I’ll say it again and again, but I use my Turn-It-All turning tool for everything. I use it for narwhal tusks, dress straps, alpaca legs, drawstrings… things that I would have never been able to deal with before the Turn-it-all came into my life. I swear, I’m not their spokesperson, I just love whoever invented this.

Another nifty tool that I use all the time is my scalpel-style seam ripper. It has an extremely sharp blade, so it’s definitely not a kid-friendly tool, but it does an excellent job of quickly ripping through threads when you’ve made a big mistake.

The Clover Wonder Clips are like binder clips that are specially made for sewing and quilting. They’re great for thicker fabrics or multiple layers that can’t be easily pinned.

Turn-It-All, $9; Havel’s Ultra Pro Seam Ripper, $8; Clover Wonder Clips, $13


seamstress gift guide: sewing tools

Maybe your favorite seamstress has all of the necessary tools, but she’s ready for the next level of supplies. To me, one of the best ways to improve your sewing supply stash is to invest in quality cutting tools. This means Gingher. These shears are the best shears, these snips are the best snips, and this rotary cutter is the best rotary cutter. I really don’t think they can be beat.

Gingher Rotary Cutter, $36; Gingher Craft Scissors, $15; Gingher 8-Inch Dressmaker’s Shears, $25

sewing machine feet

seamstress gift guide: sewing tools

If you know enough about your seamstress’s sewing machine to pick out a specialty foot, they make a great bonus accessory. Most machines come with a good assortment of feet, but two non-standard feet that I use all the time are my walking foot and my invisible zipper foot. The walking foot is most commonly used for quilting, since it helps keep multiple layers of fabric from bunching, but it’s also useful for long seams like on curtains or other home dec projects. I use it all the time. The invisible zipper foot is, of course, for installing invisible zippers so that they are truly invisible.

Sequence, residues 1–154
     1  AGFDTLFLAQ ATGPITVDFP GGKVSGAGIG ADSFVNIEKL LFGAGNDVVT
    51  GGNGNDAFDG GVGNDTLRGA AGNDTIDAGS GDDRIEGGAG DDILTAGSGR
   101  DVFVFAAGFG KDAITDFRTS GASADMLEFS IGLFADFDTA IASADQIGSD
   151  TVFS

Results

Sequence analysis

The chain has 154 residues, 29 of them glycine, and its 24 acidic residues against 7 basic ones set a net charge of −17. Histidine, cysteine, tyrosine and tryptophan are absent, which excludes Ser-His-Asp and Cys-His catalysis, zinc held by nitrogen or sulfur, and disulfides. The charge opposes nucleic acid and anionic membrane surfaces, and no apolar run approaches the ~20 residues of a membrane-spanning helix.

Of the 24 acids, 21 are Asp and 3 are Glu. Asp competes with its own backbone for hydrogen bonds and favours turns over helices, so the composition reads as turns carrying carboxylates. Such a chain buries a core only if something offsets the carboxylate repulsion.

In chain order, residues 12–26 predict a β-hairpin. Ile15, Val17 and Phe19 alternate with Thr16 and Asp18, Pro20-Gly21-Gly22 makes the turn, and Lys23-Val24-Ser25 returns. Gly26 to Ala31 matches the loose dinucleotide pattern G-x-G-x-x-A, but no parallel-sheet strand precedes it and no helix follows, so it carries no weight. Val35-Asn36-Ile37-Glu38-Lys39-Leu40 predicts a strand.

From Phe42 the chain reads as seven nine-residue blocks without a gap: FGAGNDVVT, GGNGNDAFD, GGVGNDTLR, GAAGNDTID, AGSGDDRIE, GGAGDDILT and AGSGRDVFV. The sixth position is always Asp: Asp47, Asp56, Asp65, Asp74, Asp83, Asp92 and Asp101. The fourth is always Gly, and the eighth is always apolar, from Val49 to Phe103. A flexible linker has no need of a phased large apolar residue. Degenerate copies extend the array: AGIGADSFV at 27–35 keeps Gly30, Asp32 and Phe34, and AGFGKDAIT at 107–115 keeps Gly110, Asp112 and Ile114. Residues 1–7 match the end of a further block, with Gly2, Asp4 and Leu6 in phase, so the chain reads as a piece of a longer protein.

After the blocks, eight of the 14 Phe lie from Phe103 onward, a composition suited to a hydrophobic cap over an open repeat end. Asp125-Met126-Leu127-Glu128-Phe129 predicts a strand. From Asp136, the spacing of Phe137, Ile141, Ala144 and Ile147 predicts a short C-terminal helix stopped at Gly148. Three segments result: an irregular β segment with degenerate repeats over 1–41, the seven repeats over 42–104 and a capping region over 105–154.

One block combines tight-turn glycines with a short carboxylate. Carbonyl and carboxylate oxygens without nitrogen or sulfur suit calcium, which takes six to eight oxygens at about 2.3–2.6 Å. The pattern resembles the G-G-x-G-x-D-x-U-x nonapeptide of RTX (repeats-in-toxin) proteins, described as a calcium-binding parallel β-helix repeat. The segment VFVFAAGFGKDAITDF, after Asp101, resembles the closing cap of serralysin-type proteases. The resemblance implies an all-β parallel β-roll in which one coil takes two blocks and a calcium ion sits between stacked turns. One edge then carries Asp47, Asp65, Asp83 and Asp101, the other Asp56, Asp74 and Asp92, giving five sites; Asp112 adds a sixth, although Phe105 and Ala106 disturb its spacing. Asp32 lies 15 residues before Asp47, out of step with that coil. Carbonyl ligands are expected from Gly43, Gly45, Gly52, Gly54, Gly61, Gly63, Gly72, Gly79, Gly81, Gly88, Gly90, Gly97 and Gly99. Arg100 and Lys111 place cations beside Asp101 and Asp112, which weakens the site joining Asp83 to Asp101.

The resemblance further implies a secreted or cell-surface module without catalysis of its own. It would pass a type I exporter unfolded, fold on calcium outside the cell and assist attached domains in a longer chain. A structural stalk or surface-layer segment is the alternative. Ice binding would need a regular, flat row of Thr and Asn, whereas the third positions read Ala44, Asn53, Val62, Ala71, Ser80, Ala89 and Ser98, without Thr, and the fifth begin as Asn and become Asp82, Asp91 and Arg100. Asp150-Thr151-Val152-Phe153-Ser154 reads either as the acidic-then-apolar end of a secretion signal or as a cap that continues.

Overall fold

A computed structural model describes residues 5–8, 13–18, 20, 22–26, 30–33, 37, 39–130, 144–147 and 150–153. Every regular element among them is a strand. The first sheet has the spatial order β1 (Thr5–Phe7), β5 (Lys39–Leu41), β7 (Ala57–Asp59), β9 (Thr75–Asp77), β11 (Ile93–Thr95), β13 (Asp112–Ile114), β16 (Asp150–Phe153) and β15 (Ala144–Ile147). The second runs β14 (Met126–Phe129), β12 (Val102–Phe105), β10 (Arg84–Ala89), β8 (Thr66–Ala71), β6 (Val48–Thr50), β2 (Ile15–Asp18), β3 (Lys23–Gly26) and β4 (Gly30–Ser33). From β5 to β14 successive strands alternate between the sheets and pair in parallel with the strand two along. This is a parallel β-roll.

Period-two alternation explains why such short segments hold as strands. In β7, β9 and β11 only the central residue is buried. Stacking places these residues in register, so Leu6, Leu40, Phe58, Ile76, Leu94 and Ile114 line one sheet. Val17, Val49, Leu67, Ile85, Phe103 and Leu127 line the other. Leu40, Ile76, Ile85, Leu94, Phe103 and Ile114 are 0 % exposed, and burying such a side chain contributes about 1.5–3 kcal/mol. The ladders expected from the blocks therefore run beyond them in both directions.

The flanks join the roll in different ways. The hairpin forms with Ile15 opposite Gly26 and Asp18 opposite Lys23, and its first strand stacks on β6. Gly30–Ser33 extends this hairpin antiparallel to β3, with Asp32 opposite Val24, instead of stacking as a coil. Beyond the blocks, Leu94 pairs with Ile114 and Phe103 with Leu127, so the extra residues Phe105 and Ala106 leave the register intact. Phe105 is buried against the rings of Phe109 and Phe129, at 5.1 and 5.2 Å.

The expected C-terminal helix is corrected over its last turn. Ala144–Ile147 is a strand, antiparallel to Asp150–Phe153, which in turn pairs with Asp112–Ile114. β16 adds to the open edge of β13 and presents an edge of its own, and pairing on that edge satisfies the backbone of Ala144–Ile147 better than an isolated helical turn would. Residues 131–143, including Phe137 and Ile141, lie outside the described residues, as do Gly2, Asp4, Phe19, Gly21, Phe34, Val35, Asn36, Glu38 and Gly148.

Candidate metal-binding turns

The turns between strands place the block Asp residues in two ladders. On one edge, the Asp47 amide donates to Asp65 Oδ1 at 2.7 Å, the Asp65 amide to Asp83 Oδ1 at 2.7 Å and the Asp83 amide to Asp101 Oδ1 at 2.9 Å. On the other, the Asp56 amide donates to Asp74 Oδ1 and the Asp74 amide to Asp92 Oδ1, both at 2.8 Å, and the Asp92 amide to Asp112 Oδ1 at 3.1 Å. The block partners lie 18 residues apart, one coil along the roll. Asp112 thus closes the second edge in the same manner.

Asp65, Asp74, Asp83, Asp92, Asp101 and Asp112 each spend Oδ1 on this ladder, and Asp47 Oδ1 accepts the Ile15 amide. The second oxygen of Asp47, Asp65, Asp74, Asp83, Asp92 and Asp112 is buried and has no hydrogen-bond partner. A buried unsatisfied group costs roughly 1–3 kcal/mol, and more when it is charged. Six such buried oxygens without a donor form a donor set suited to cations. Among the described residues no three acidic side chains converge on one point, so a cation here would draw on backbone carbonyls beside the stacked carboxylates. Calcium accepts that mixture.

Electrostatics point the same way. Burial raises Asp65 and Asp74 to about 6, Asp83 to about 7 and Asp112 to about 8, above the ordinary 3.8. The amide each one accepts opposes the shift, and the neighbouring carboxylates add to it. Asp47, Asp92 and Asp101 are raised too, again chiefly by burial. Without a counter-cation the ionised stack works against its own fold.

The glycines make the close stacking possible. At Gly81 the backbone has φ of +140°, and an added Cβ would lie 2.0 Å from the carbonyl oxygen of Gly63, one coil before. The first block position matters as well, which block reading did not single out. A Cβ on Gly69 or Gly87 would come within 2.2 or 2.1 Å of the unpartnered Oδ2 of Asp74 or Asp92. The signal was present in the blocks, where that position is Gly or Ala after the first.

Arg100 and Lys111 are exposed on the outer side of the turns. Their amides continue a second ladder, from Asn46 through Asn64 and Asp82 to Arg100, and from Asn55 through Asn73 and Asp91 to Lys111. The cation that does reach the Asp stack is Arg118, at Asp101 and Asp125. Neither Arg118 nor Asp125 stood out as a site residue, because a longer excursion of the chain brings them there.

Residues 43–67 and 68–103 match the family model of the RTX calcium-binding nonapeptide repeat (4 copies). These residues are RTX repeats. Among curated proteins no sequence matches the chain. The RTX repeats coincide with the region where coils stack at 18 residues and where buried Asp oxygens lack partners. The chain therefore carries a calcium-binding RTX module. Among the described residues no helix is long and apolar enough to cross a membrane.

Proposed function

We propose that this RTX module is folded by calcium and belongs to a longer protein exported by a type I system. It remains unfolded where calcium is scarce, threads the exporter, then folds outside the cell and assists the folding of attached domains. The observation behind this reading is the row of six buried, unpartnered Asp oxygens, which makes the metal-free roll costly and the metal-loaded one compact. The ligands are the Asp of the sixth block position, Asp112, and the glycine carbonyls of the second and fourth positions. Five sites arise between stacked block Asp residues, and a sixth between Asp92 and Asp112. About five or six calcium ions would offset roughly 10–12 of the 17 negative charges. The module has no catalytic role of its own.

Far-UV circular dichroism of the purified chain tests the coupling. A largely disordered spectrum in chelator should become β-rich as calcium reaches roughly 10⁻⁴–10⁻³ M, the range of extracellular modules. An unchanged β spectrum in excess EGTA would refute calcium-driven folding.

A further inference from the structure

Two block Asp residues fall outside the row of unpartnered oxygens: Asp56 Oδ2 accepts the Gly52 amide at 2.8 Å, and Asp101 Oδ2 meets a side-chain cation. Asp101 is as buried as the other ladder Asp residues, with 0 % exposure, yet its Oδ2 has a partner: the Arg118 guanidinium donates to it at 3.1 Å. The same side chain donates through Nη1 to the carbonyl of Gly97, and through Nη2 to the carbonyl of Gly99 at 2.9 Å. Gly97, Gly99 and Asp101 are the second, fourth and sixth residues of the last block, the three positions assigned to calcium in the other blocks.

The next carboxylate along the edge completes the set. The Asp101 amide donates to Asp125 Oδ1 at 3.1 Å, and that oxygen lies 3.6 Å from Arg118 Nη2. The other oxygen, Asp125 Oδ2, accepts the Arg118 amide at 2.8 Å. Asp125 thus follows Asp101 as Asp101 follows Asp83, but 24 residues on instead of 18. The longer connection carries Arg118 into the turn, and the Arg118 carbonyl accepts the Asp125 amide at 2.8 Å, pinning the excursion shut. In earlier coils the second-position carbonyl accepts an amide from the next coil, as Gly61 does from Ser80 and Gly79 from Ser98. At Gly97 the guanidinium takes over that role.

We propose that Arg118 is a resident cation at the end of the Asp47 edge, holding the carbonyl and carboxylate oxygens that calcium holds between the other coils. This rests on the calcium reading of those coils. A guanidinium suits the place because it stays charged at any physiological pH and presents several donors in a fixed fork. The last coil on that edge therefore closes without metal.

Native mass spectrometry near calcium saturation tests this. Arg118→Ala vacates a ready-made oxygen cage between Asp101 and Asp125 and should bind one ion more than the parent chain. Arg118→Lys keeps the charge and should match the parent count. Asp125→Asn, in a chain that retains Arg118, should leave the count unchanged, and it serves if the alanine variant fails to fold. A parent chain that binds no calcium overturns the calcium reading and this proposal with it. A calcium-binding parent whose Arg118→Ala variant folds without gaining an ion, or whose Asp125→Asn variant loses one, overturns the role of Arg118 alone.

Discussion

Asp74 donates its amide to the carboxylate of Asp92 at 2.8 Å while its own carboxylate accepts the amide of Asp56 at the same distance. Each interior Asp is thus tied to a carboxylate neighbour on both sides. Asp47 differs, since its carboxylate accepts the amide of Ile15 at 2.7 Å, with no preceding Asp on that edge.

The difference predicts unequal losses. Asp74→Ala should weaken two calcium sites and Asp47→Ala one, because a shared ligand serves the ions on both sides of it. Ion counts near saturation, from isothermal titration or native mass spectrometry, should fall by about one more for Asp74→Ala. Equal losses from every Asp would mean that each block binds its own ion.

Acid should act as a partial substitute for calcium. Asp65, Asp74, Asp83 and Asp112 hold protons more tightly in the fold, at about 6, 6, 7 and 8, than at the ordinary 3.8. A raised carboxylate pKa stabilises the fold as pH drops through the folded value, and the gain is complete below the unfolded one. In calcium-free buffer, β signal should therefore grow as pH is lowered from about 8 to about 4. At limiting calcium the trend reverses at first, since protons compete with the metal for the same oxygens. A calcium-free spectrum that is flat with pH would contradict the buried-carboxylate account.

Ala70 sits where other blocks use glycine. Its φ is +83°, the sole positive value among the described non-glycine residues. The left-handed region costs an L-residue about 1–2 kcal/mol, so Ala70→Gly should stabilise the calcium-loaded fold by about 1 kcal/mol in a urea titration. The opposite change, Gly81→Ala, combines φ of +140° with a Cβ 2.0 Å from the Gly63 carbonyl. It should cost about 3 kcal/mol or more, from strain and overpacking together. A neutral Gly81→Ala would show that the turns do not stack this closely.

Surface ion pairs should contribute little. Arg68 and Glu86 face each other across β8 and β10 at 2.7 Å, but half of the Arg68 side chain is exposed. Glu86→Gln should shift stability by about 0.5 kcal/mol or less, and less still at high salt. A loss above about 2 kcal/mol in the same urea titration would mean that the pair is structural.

Singer Even Feed / Walking Foot, $12; Singer Invisible Zipper Foot, $6

organization & storage

seamstress gift guide: sewing tools

A good thread rack is key for organized sewing. For a dust-free option, I managed to snag a vintage thread box (exactly the same as the one shown) for $1 at a thrift store. I love it, especially with the inner bobbin storage. Various Etsy sellers have quite a few of this exact box in both this green and a golden color.

And if you don’t have a Grabbit magnetic pincushion yet, you are seriously missing out.

Grabbit magnetic pincushion, price varies; Vintage Thread Box, $14; June Tailor Mini Mega-Rack ll, $12


seamstress gift guide: sewing tools

Maybe you aren’t quite sure what supplies your seamstress could use, but you do know that she loves to sew. Well, I’d say a dressform necklace is an obvious choice! And here are a few more etsy picks.

Chevron Dressform Necklace, lasercut wood, $12; Hedgehog Pincushion, $15; Handmade Little Scissors Necklace, $15

Most of the links above are Amazon referral links, which means I get a small commission if you buy from my link. I own every one of the supplies referenced* and they are my go-to crafting supplies, so I promise they will be well-received gifts! Even though Amazon Prime is always a great option, many of these items can be bought at JoAnn’s with a coupon if you’re looking to get a better deal.

*exception: i do not own these exact models of the walking foot and invisible zipper foot, nor do I own the etsy items listed.